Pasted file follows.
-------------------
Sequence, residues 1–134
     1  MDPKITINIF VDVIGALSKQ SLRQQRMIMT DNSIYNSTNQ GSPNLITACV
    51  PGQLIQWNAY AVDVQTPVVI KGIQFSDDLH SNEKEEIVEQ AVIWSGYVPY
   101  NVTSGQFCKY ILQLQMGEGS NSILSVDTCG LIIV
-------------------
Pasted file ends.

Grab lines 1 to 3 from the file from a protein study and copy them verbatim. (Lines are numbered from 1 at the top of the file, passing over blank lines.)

Sequence, residues 1–134
     1  MDPKITINIF VDVIGALSKQ SLRQQRMIMT DNSIYNSTNQ GSPNLITACV
    51  PGQLIQWNAY AVDVQTPVVI KGIQFSDDLH SNEKEEIVEQ AVIWSGYVPY